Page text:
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Gender and the Internet: Causes of Variation in Access, Level, and Scope of Use

Authors


  • *The authors will share coding procedures for purposes of replication.

Ira M. Wasserman, Department of Sociology, Eastern Michigan University, Ypsilanti, MI 48197 〈Ira_Wasserman@Hotmail.Com〉.

Abstract

Objective. The article examines differences in the use of the Internet by gender, with a consideration of access to the web, use of communication facilities related to email and chat rooms, frequency of use, and types of websites used. The study considers the impact of socioeconomic status and social, geographic, racial, and ethnic variables for explaining variations in the use of the web by men and women, and how these factors are mediated by knowledge of how to use the web.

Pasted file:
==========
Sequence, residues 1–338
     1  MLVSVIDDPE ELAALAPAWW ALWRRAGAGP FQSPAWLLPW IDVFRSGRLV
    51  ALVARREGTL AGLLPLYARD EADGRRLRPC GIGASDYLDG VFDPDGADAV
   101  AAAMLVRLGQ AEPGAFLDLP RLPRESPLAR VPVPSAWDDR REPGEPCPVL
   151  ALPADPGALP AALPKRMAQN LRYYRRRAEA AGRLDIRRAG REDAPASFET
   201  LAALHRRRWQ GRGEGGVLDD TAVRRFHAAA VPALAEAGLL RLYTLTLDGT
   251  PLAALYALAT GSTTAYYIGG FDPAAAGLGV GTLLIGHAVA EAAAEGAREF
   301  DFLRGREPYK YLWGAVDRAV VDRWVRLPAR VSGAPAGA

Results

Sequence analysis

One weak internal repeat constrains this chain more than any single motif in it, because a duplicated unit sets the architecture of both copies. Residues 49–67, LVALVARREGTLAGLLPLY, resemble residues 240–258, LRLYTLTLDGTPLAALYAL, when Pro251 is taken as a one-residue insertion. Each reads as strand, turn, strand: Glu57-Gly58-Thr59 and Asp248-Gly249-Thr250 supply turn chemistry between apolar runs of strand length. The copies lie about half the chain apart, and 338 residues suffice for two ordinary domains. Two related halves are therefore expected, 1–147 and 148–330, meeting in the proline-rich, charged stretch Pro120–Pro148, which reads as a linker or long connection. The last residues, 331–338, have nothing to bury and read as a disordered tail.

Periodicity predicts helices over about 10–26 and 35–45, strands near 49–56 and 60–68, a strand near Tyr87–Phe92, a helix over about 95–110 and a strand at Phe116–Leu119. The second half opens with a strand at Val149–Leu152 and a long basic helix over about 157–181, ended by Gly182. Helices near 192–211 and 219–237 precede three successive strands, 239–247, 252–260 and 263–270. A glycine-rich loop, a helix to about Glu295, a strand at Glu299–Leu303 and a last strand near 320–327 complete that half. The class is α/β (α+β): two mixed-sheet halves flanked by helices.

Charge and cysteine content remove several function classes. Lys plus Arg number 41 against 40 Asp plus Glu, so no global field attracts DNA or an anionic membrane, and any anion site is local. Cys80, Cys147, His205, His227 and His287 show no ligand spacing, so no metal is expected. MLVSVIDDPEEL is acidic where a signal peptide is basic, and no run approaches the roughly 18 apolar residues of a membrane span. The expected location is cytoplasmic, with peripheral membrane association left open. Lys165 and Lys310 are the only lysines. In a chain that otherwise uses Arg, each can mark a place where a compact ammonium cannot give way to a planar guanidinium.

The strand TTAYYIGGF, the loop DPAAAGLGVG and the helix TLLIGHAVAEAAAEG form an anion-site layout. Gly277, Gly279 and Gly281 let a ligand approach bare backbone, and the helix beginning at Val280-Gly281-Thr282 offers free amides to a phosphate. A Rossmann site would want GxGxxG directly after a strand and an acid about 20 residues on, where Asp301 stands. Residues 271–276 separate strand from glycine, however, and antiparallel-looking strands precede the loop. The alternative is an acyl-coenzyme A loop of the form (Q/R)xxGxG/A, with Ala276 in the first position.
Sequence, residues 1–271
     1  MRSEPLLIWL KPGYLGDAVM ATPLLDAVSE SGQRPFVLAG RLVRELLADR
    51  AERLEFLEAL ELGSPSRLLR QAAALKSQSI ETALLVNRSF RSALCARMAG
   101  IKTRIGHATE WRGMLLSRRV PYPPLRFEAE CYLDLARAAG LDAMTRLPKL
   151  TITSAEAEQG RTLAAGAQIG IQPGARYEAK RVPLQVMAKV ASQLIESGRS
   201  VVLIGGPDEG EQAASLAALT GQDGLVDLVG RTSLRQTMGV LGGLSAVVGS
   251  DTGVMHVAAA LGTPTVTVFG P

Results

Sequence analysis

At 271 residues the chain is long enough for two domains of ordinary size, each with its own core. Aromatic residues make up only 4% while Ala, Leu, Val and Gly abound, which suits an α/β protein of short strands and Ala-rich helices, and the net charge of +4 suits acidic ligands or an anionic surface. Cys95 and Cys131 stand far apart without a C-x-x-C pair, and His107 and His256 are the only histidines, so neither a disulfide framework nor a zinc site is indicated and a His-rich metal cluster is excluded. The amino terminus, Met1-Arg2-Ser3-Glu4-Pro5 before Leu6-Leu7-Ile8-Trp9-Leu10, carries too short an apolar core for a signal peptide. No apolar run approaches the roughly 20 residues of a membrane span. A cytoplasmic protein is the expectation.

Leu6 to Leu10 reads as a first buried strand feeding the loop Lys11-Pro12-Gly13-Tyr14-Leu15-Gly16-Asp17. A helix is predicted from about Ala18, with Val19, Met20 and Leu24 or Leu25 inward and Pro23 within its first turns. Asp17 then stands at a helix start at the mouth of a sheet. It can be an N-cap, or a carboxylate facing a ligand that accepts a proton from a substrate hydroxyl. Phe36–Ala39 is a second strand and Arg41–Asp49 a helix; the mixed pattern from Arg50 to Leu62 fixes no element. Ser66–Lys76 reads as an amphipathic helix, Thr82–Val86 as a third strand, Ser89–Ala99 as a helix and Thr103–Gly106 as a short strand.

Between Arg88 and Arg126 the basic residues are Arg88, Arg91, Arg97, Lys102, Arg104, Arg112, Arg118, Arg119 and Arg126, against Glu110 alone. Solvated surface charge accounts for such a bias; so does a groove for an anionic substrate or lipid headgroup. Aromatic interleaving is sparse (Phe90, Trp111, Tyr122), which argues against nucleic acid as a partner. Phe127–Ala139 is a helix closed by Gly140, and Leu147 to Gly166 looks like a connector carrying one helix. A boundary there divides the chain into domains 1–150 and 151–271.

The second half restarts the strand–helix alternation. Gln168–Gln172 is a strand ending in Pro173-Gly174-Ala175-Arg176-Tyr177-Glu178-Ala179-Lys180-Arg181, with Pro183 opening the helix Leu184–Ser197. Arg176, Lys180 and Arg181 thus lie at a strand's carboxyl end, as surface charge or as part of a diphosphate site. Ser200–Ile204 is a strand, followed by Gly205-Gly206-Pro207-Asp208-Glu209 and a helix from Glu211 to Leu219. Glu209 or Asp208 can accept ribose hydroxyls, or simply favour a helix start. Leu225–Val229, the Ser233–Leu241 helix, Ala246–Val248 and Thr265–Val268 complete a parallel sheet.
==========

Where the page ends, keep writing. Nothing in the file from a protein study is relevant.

Methods. The study employs data collected by the General Social Survey (GSS) in 2000, and relates access, communication levels, frequency of use, and types of sites used to gender and other relevant variables. The relevant variables are analyzed by multivariate analysis.

Results. Access to the web was independent of gender, but was related to education, race, income, age, and marital status. Women were less likely than men to chat on the web, but were slightly more likely to use email, and they utilized different types of sites than men.

Conclusions. Women access the web as frequently as men, but they communicate on the Internet differently than men, are online less than men, and utilize different types of websites than men. Knowledge related to web use is an important independent variable that influences Internet use by men and women.

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